© The Financial Times Ltd 2015 FT and 'Financial Times' are trademarks of The Financial Times Ltd.
February 25, 2013 5:33 pm
The UK effort to restore confidence in Libor took another step forward on Monday as the search began for a new administrator for the scandal-plagued rate.
A committee headed by Lady Hogg will select the new administrator, subject to approval by the Financial Conduct Authority, the UK’s new markets regulator.
The members include FCA head Martin Wheatley, Treasury and Bank of England officials and three groups representing Libor users. It will still be compiled daily by averaging submissions from panels of banks.
Libor has been tarnished by a global rate-fixing scandal that has engulfed a dozen institutions on three continents. Barclays, UBS and Royal Bank of Scotland have collectively paid more than £1.6bn in penalties because their traders manipulated the rate to make money on derivatives. Other banks and interdealer brokers are still being investigated.
US and European regulators have called for future Libor submissions to have stronger links with actual market transactions, arguing that the current system in which $300tn of derivatives are priced off bank estimates is too unbalanced.
Last autumn, a review led by Mr Wheatley recommended formal regulation of the rate-setting process as well as taking administrative responsibilities away from the British Bankers' Association, which had sponsored Libor since the 1990s.
The BBA formally voted on Monday to relinquish the administration to whichever business is selected by the Hogg committee. “The absolute priority is to ensure the provision of a reliable benchmark which has the confidence and support of all users, contributors and global regulators,” a spokesman said.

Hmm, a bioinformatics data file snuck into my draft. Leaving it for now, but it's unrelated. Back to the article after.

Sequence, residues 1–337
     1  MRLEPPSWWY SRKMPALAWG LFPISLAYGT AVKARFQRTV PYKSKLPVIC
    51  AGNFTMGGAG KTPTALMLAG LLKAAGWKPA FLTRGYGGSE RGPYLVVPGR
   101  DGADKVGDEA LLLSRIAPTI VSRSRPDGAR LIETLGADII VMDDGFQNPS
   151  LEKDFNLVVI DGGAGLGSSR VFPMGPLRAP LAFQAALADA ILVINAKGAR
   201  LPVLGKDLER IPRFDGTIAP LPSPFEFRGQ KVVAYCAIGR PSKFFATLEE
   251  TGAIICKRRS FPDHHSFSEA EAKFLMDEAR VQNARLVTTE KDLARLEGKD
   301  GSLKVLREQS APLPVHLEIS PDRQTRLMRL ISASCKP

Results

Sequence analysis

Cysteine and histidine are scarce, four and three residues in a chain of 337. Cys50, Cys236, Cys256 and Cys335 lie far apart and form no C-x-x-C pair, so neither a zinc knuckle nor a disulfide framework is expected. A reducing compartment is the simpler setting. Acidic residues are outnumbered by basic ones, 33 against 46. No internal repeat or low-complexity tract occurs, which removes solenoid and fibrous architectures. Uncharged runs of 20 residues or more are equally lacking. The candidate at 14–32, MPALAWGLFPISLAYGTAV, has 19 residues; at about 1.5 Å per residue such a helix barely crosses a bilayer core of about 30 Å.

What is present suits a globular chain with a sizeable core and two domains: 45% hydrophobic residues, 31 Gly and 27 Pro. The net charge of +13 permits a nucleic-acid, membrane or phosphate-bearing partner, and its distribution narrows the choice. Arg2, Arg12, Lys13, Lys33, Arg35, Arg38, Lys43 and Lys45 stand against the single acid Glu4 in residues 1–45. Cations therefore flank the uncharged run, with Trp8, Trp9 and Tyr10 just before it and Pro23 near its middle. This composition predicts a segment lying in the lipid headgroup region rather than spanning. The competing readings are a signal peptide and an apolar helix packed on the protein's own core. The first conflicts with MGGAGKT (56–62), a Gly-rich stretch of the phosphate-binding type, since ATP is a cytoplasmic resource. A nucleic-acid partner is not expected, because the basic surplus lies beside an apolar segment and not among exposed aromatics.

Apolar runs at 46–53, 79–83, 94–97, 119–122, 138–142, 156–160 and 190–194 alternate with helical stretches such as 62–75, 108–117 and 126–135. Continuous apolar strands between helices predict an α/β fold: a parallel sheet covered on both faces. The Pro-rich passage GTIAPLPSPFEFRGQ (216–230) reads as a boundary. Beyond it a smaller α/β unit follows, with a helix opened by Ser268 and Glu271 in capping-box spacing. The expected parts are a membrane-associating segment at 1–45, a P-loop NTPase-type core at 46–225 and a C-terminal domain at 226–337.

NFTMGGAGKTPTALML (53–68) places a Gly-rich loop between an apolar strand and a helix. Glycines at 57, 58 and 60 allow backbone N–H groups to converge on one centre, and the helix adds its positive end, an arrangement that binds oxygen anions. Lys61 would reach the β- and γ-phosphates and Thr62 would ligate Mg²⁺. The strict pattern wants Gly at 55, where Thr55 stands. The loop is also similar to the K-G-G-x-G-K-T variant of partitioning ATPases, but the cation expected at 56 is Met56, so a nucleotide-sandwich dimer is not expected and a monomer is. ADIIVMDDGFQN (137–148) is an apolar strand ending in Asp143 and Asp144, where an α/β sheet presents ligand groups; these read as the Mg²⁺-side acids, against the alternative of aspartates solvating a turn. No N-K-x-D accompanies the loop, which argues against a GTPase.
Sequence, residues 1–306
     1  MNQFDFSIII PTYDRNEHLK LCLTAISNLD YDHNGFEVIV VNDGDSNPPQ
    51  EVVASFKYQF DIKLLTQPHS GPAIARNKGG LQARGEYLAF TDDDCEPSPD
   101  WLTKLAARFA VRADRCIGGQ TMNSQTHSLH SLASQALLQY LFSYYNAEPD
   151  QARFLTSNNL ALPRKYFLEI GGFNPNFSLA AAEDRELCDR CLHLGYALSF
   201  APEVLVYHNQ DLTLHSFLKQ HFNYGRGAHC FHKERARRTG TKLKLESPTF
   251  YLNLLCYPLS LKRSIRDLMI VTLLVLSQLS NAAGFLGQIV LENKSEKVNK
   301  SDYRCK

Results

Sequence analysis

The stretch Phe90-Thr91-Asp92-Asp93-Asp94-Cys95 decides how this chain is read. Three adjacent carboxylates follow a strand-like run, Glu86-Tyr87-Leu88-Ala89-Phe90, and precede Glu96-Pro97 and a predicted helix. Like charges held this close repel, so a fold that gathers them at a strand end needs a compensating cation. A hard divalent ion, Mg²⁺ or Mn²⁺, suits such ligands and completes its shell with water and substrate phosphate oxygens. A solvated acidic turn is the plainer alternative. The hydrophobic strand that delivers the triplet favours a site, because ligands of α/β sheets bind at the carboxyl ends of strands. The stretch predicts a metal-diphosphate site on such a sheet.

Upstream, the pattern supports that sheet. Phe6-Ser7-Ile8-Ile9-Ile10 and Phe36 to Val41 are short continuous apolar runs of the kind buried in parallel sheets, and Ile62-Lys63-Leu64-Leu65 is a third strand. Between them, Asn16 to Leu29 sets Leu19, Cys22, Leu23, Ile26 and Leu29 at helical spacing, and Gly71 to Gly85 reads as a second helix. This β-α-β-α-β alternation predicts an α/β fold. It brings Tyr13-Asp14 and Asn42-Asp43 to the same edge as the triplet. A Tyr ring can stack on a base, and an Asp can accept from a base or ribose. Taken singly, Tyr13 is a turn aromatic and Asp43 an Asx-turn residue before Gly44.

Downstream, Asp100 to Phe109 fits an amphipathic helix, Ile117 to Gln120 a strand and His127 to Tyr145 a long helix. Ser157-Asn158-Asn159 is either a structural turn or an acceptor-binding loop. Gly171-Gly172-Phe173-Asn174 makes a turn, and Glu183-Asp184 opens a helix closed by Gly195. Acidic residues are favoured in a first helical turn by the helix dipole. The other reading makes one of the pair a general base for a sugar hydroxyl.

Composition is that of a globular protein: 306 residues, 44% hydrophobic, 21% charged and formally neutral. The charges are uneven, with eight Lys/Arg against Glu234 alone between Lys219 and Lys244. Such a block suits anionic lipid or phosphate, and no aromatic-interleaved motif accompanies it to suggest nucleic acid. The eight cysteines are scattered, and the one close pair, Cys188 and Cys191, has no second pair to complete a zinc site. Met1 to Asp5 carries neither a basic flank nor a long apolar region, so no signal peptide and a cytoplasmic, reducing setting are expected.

UK regulators have said they are happy for the new administrator to be a private company that would explore the commercial viability of Libor. However the new administrator will also be obligated to monitor submissions, publish statistical digests of rate submissions and make periodic reviews on Libor’s market effectiveness and credibility.
Thomson Reuters, the data provider responsible for the administration of Libor for the last 25 years, has said it would like to run the toughened new system after being assured by authorities it was not under investigation. US rival Bloomberg has also expressed an interest, as has NYSE Euronext, the exchanges operator and a growing data company called Rate Validation Services, run by a former London Stock Exchange executive.
Critics have argued that the new administrator may face the same historic problem – that ultimately benchmark rates will be set on the information that is provided to them by the banks. However, contenders for the new role are looking at ways to reference the benchmark price. For example, Bloomberg has proposed an index that would incorporate market-based quotes from credit default swaps transactions, corporate bonds and commercial paper while RVS aims to provide global banks with financial benchmarks using evidence and transaction-based data.
Greg Clark, financial secretary to the Treasury, said: “The government is determined to rebuild the reputation of UK financial services. Establishing confidence that the attempted manipulation of Libor can never happen again is crucial.”
Copyright The Financial Times Limited 2015. You may share using our article tools.
Please don't cut articles from FT.com and redistribute by email or post to the web.
Sign up for email briefings to stay up to date on topics you are interested in